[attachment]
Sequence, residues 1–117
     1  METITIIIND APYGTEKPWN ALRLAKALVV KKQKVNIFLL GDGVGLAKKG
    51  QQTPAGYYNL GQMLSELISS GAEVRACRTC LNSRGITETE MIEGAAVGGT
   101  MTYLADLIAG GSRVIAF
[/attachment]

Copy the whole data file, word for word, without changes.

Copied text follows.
Sequence, residues 1–117
     1  METITIIIND APYGTEKPWN ALRLAKALVV KKQKVNIFLL GDGVGLAKKG
    51  QQTPAGYYNL GQMLSELISS GAEVRACRTC LNSRGITETE MIEGAAVGGT
   101  MTYLADLIAG GSRVIAF